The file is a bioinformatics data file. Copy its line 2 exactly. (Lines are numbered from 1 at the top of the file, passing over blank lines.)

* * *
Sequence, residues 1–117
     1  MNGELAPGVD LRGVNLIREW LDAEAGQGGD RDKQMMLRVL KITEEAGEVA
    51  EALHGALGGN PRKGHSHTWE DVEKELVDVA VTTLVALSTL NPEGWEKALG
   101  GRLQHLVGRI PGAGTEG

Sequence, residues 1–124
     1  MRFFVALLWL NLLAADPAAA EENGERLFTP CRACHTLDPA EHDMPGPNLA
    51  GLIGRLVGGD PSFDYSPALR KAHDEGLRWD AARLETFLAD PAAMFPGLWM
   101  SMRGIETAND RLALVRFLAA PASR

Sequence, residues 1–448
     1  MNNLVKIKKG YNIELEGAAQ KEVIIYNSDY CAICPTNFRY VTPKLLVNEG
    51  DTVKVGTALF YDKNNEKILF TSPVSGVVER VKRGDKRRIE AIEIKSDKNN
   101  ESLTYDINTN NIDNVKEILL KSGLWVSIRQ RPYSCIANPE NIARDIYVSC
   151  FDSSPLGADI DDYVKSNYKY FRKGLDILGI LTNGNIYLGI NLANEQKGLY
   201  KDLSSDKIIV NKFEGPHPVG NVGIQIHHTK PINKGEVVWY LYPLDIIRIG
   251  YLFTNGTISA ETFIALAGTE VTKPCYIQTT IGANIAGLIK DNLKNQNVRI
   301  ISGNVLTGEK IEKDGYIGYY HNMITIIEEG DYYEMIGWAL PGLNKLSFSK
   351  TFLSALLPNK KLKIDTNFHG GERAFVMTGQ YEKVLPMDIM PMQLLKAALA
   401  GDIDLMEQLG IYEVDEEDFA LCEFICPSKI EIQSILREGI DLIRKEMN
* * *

     1  MNGELAPGVD LRGVNLIREW LDAEAGQGGD RDKQMMLRVL KITEEAGEVA